Briefly encountered, moments that can last a lifetime - Ian McMillan

I’m a big fan of that classic British film Brief Encounter, where Celia Johnson and Trevor Howard meet on a railway station between trains and something powerful almost develops between them but in the end they both go back to their lives without ever really exploring the emotional connections between them.

There’s something persuasive and, yes, seductive about the idea of the brief encounter, the stolen moments, the strangers meeting each other with the possibility that they might become more than strangers.

I’m also interested, however, in the idea of the briefer encounter, the accidental meeting between people who almost certainly may never see each other again but who linger in the memory for years, indeed decades.

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Two of my briefest encounters spring to mind, one in France and one in Maine. They both happened in hotels, but not in a Trevor Howard and Celia Johnson kind of way.

Ian McMillanIan McMillan
Ian McMillan

The French was in Roscoff in Brittany, where we’d booked into a place at the end of a holiday that was near the ferry back to Plymouth.

My children were small, so it was at least thirty years ago, but I can vividly recall the sad face of the bearded man who checked us in and seemed somehow distracted, as though we were interrupting his reading, or possibly writing, of a great French novel.

We parked in the tight and tiny car park and because we had to be off very early to catch the ferry I became very worried that someone might block us in and we’d miss the boat.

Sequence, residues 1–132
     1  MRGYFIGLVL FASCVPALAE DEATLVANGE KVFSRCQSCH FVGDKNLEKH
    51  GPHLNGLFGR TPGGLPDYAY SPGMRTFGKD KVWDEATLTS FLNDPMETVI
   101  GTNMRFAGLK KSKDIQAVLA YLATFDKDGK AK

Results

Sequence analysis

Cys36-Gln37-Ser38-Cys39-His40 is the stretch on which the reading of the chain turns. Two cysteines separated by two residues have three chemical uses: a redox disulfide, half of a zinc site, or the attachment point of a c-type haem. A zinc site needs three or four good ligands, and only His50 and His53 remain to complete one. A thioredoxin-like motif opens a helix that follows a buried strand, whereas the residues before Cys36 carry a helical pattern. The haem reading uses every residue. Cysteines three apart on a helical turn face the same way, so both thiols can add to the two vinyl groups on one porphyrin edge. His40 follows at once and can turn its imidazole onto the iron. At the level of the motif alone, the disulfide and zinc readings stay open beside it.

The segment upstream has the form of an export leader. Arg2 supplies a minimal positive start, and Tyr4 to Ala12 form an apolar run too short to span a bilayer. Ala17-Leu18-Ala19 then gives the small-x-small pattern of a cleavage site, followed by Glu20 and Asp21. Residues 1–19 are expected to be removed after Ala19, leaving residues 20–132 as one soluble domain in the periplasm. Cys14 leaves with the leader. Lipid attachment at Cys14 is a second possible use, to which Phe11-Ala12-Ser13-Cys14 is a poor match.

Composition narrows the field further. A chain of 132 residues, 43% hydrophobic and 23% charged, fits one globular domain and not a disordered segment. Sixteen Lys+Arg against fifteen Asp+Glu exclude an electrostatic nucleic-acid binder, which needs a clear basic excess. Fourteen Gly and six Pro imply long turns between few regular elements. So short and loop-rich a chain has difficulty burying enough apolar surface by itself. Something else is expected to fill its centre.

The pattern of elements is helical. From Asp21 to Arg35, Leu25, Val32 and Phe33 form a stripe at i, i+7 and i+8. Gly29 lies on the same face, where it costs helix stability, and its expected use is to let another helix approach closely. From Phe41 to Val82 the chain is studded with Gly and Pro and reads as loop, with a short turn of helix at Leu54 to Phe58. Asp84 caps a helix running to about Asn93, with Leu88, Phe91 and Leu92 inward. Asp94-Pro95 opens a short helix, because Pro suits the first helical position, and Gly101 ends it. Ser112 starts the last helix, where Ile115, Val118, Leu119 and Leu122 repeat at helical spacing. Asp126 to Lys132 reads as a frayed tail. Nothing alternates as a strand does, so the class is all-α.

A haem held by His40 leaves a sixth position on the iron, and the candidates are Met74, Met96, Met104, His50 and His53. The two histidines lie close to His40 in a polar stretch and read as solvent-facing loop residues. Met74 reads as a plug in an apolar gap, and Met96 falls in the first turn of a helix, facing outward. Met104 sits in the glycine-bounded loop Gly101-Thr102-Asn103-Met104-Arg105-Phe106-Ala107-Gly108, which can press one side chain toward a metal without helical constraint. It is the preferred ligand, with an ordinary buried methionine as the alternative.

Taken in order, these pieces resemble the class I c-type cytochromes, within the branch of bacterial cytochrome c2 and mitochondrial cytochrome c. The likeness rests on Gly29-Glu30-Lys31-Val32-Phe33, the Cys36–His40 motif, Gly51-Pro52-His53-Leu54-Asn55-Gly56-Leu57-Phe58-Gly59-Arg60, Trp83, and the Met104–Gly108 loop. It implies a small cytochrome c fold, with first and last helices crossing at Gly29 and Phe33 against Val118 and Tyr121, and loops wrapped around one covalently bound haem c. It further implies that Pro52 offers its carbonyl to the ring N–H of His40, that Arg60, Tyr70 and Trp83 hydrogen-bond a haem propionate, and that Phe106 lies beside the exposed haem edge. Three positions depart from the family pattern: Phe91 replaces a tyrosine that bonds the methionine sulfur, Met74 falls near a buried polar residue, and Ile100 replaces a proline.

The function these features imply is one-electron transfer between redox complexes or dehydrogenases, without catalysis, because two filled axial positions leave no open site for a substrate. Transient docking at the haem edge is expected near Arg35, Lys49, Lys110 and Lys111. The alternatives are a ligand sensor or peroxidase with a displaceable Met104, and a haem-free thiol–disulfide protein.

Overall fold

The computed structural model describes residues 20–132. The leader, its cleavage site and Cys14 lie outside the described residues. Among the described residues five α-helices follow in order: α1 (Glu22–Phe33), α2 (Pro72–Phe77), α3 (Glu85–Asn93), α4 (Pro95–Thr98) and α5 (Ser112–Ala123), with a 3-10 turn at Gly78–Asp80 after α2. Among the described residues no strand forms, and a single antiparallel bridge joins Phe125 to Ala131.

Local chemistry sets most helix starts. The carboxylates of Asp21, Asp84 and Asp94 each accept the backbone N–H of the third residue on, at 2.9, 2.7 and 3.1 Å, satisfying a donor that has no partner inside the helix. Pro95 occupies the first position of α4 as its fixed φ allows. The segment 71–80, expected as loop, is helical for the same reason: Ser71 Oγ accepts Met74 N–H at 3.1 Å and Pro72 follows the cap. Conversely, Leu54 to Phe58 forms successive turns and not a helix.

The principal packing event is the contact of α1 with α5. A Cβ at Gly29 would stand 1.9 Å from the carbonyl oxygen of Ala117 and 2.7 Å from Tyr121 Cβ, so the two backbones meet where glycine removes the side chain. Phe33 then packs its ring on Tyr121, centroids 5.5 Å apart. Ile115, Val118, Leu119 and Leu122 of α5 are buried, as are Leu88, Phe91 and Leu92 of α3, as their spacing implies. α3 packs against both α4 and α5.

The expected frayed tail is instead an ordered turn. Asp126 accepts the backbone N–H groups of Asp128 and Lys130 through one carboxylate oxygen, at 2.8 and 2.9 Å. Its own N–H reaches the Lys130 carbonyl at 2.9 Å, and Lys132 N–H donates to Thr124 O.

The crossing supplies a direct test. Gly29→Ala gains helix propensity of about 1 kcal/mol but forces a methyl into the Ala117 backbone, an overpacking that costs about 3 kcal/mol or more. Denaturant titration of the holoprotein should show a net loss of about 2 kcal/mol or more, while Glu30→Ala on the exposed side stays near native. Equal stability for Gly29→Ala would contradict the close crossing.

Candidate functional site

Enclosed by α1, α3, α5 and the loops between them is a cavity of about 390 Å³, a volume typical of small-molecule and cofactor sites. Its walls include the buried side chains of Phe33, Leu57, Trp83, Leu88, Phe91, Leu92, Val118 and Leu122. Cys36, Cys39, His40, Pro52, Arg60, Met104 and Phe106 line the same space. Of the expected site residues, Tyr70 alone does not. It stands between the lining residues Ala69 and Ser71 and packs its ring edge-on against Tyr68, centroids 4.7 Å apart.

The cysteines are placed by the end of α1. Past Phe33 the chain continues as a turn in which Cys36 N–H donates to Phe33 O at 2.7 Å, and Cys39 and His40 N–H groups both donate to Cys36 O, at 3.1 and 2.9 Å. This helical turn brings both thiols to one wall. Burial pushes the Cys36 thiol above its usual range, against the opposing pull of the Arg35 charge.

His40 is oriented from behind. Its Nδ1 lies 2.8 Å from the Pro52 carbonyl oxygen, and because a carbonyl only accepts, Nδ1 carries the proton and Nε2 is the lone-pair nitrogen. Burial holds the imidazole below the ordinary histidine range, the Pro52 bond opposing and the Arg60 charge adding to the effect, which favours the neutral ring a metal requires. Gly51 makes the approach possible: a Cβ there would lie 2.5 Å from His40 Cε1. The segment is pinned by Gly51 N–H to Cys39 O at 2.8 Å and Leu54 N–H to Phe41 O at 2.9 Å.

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This meant that at regular intervals through the night I’d creep out of bed, trying not to wake the sleeping family in our huge room packed with the kind of heavy wooden furniture you used to get in French hotels, and look out of the window to make sure we weren’t hemmed in by a Citroen 2CV; amazingly, each time I looked out of the window the sad-faced man was there, gazing up at the stars, still (in my head and possibly in his) composing his novel.

And of course we didn’t get blocked in and of course we caught the ferry but I often think about that man, and whether he ever wrote the novel, and whether I feature in it at all, my head framed in a sash window.

Years later, when we were all a little older, we went to America on a fly-drive holiday and we found ourselves in Freeport in Maine, checking into a hotel on a bright afternoon in July.

It turned out it was the receptionist’s first day and she was a little nervous; we handed one of my eldest daughter’s blouses in to the hotel laundry and somehow it got lost and then somehow the nervous receptionist found it and brought it to our room.

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A few years after that we revisited the same hotel in Freeport and there she was, the same receptionist, more confident now, and in charge of the bloke who carried our bags.

I said to her ‘We came here before, a long time ago, and it was your first day in the job’ and she smiled and said ‘Yes, and I found your daughter’s blouse’ and it turned out that that tiny encounter had resonated with both of us down the years.

And in my head I wondered if she’d read the novel that the man in the hotel in Roscoff had written. If he ever wrote it, of course. And if she reads French novels in translation.

Those encounters, eh? I’ve got something in my eye.

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